Instead of pursuing happiness, we should pursue having meaningful relationships, contributing to society, and engaging in self-development. It is through these activities that happiness occurs. Happiness is not an end, or even a means to an end.

The world that lies just beneath you

Take a look around you, take a real good look at everything that surrounds you in life. It’s amazing; everything the world has to offer. Spectacular sights, infinite knowledge, several amazing forms of art, entertainment, people, and a massive array of sports hobbies or activities. I know I’m probably forgetting tons of things, but take a second to really considers these very broad categories I’ve listed. To me it’s overwhelming, theirs so much to do and see and hear that one lifetime isn’t enough. Yet many people do not take advantage of this. Everyday should be looked at as a new day to gain knowledge, experiences, and a broader perspective on anything. Only recently have I really viewed everyday as such, and it is amazing. I think everyone could benefit from a life view of this sort, and I encourage you all to embrace it. Open your mind to the world and it will not disappoint. It truly is fulfilling to digress from the norm and add something different into your life it will make you love life that much more. I’ve taken a hold of this concept and have ambitiously ran with it for awhile now and it already feels life changing. Life changing enough to tell anyone and everyone who is willing to listen to me. I feel that by truly embracing almost everything life hands you and surrounds you with you can achieve this ineffable level of happiness. I can genuinely say that at this point in my life I am happier and feel better than I ever have before. I’m sure this methodology already exist(At least it should), however for me it’s self discovered, all I can say is just explore and uncover all aspects of life that are around you. You will be pleasantly surprised at how many amazing relics lie just under your nose.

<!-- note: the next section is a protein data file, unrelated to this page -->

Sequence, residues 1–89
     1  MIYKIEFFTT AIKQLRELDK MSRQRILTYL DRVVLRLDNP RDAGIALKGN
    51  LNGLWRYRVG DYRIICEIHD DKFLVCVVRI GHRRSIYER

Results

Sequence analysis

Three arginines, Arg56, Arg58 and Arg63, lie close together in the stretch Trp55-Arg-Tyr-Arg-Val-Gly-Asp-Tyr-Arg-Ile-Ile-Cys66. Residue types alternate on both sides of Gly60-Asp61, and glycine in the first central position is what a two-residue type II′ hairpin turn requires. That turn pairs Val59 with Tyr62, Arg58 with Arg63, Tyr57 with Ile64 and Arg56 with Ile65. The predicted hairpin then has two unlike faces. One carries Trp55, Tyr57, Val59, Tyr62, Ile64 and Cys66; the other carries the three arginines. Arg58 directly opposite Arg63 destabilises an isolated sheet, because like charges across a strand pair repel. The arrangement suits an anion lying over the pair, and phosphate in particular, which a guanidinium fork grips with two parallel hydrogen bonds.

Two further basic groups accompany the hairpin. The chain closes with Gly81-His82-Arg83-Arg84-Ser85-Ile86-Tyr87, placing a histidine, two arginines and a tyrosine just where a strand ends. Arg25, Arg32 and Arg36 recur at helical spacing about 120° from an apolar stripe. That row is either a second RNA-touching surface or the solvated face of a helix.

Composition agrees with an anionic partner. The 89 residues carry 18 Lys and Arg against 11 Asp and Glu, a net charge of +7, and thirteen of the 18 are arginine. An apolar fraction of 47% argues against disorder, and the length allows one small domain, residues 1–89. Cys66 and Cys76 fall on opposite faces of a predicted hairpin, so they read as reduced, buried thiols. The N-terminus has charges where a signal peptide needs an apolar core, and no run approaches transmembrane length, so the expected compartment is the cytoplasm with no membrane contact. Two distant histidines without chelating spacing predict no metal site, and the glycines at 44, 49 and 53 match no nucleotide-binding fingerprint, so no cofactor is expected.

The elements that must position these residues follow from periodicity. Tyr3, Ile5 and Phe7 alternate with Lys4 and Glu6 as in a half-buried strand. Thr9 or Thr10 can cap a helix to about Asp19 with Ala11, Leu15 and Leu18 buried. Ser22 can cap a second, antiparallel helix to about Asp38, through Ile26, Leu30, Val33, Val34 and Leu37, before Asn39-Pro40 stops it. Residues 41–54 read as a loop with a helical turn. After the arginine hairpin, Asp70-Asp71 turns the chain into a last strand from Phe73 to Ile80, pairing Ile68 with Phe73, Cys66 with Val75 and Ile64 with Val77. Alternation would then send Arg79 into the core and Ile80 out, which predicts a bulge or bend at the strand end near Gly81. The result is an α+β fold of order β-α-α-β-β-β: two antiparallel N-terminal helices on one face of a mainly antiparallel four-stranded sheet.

EDIT: This is somewhat of a very old methodology referred to as living a ‘eudaimonic’ type lifestyle. Eudaimonic is a Greek work that basically means happiness.


Hello! And wecome to my latest experiment. I am the Philosopheresse.

In other words, I’m am your average bored, out-of-work, 20-something graduate of a Masters of Philosophy Program at a major Canadian University. My specialties are metaphysics, logic, and philosophy of language. I am interested in everything and am an expert in nothing.

However, I firmly believe that philosophy can help people live happy, fulfilled, “eudaimonic” lives more than all the shrinks, advice columnist, and alcohol in the world. Also - it’s a fair bit cheaper! 

So ask me literally anything. Bring me your metaphysical crisis, bring me your late night existential angst, your relationship problems, your homework problems. Bring me your skepticism, your confusion, your solipsism (if you can!). 

I may not have any answers, but maybe I can help point you towards some of the right questions.

useless00 asked:

Adoro il tuo bloog🙈 E vorrei sapere cosa vuol dire il tuo titolo c: Un saluto

aw grazie mille, significa ‘felicità’ (‘eudaimonìa’) in greco c: